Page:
October 10 is World Mental Health Day, marking an ideal opportunity to consider what your organization is doing to support employees’ mental well-being and where you could make further changes to improve health, satisfaction, and your bottom line.
There’s plenty of research to demonstrate the connection between well-being and the workplace environment. 39% of employees, for example, said that their work environment has had a negative effect on their mental health, proving that the work environment has lingering effects that don’t get left behind at the end of the work day. While they deal with these mental health issues, many employees also find it challenging to get support: only 49% say they received a positive response when talking about mental health at work or seeking support. 81% of employees say that their employers’ level of support for mental health is an important factor in deciding whether to accept (or remain in) a job – indicating that they’re taking this very seriously since it can affect all areas of their lives.
In shaping a response, it’s essential first to understand what the greatest stressors are and where workplace mental health concerns come from. Research from the American Psychological Association found several factors, including:
- 71% of workers are stressed or worried that their pay is not keeping up with inflation.
- 60% of workers who are aware of some form of workplace monitoring or tracking say they feel tense or stressed at work, and 51% say they are uncomfortable with how the monitoring is used.
- 18% of employees describe their workplaces as toxic, while 30% say they have experienced some kind of harassment.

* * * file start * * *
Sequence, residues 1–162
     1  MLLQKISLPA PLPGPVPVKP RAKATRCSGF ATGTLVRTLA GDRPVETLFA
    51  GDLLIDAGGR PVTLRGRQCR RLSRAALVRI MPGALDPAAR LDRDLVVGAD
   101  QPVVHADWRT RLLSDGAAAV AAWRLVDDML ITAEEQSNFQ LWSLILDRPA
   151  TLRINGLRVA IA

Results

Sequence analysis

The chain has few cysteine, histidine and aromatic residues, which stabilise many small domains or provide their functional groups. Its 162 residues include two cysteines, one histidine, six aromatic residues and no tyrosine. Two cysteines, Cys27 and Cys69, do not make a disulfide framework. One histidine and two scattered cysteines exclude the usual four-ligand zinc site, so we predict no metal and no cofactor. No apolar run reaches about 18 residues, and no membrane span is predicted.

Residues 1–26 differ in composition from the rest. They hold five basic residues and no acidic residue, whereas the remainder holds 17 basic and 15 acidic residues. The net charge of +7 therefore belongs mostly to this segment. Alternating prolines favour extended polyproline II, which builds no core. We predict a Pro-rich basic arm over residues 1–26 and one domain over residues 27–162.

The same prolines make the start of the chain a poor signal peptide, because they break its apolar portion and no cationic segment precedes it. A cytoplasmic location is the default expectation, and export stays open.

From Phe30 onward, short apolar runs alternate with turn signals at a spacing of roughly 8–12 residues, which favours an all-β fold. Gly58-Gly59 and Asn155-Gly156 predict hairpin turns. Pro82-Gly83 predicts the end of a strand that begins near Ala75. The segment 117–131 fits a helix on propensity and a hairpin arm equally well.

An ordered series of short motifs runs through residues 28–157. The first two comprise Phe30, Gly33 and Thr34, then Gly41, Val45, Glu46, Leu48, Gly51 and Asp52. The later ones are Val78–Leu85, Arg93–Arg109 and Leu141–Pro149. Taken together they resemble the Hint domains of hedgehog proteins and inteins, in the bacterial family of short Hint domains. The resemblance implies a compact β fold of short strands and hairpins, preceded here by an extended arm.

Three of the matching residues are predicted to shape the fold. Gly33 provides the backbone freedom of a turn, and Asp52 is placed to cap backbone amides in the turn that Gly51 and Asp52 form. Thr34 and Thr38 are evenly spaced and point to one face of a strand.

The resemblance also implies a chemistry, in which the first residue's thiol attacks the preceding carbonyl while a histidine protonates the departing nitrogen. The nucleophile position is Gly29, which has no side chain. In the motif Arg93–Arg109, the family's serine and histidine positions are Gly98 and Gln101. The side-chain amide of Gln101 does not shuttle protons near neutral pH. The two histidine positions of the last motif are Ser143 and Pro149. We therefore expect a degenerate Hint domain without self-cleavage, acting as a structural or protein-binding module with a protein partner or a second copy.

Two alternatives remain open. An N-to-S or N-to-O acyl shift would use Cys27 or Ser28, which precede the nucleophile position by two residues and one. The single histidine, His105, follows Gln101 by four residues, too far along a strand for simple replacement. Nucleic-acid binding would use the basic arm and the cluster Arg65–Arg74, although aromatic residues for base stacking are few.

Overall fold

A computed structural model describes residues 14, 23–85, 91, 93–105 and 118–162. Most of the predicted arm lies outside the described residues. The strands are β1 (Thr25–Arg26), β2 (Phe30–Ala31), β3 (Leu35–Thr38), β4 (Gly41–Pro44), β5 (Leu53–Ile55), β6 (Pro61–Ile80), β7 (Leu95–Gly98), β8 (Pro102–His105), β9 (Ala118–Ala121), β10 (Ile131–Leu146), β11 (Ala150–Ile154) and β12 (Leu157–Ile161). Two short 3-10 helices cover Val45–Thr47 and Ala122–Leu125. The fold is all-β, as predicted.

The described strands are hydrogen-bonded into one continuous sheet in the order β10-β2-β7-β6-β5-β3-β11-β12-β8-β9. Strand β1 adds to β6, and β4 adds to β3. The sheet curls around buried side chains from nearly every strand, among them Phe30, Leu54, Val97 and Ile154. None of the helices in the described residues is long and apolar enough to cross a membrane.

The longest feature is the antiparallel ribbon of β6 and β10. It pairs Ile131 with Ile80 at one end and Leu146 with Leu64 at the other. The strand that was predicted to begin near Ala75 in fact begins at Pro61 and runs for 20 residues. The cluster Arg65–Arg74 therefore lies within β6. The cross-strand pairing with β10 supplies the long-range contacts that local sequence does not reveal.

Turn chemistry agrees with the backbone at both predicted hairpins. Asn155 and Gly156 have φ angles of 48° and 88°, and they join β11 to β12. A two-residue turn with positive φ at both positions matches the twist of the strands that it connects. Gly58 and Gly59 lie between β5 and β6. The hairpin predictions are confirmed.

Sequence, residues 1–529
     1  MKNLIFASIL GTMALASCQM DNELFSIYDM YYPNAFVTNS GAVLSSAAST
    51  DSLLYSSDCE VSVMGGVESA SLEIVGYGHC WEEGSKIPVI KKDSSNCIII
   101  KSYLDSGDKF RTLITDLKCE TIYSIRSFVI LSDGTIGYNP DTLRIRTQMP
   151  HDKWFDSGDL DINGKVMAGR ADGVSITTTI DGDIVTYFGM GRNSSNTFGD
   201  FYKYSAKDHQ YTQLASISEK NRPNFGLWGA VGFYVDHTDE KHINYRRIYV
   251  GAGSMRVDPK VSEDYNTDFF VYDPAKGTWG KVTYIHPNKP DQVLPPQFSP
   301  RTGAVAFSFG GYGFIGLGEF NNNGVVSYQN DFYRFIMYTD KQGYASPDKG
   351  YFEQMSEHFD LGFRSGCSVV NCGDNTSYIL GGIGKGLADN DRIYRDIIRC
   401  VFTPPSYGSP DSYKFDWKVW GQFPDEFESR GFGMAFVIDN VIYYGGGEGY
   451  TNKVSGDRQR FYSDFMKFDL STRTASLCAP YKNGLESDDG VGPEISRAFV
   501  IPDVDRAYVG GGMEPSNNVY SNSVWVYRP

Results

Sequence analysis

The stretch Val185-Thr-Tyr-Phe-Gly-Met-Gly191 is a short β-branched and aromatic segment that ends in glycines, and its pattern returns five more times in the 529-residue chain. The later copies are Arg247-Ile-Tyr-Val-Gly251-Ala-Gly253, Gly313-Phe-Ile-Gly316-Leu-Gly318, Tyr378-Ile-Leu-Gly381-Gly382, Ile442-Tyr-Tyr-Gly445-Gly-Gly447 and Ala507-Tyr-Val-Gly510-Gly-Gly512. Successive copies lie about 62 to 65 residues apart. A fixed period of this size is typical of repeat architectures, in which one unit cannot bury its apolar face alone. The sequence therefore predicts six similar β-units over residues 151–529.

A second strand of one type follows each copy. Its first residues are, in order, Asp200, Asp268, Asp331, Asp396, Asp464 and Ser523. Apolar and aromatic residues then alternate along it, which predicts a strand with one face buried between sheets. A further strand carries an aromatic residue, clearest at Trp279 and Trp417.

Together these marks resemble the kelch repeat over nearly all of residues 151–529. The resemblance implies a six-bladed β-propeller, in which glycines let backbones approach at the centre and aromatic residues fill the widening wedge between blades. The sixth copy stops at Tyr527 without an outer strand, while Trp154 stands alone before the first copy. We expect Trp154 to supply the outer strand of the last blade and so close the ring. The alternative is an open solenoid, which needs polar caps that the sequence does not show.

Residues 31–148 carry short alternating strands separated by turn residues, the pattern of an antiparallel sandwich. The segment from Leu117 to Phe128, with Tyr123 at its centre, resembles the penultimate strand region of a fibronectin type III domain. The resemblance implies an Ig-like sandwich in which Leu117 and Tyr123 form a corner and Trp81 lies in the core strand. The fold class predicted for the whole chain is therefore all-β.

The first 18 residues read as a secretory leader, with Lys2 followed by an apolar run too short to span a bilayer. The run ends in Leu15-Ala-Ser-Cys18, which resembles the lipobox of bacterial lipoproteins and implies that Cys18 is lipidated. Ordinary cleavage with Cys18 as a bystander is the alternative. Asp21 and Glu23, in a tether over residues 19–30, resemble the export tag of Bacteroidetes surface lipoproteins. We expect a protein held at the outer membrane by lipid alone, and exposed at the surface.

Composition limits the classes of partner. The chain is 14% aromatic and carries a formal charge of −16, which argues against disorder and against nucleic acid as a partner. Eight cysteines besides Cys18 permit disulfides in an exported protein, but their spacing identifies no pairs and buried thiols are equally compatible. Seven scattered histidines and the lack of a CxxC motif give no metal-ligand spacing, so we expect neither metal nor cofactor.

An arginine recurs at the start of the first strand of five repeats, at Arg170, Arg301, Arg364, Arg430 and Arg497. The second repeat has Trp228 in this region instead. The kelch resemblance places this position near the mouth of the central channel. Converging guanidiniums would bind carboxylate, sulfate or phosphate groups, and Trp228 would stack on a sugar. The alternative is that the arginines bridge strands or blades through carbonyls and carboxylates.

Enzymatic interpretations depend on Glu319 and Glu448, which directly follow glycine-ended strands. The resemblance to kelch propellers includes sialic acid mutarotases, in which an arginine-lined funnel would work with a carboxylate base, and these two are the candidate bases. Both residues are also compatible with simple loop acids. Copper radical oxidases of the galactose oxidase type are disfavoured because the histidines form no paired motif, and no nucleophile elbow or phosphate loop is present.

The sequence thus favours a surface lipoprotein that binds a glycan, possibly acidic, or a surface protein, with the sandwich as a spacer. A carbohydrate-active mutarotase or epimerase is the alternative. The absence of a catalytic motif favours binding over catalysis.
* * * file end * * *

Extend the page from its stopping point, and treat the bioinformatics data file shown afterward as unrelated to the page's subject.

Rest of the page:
Companies addressing mental health and well-being must approach this in multiple ways. It’s important to provide clear “benefits” like expanded health insurance, but it’s also important to focus on cultural elements. This means developing a more supportive, less intense workplace culture, addressing where DEI intersects with mental health, and improving clarity around sensitive, stressful issues like pay and career development.
For an interconnected approach to these components, the U.S. Surgeon General suggests a five-part “Framework for Workplace Mental Health and Well‑Being” that focuses on five key elements (protection from harm; connection and community; work-life harmony; mattering at work; and opportunity for growth) while indicating how they all relate to each other and a core idea of “worker voice and equity.” This interconnected approach – and suggested solutions – reflects an overarching sense in the HR world, which suggests that addressing mental health stressors at work includes numerous interlocking solutions, such as flexible and hybrid work options, respect for taking time off, stronger ways to address discrimination and toxicity, and improvements in connection and communication at work. Of course, not all these options are workable for all companies or all niches, but every company can do something to emphasize their commitment to worker well-being.
The benefits of investing in mental health and well-being are becoming more evident, from productivity to profits and more. 71% of employers agreed that they can see ROI from their investments in this area – a number especially notable compared to the 23% who said the same just a few years earlier. Employees who are less stressed and more supported are much more likely to be productive, engaged, and happy.
At Kaizen HR, our approach to continuous improvement includes improving how we support and care for employees. This World Mental Health Day, let’s work together to expand these efforts beyond a single day so that employees can grow their careers, excel in their work, and work together every day to achieve excellence without worry.
By Rose Dorta
Are you a high-performing leader or believe you have the potential to tackle a more challenging role? Would you be interested in career opportunities that are seeking these attributes?
I’d love to chat with you and answer any questions that you have. Email me, Rose Dorta, managing director of Kaizen HR Solutions, here.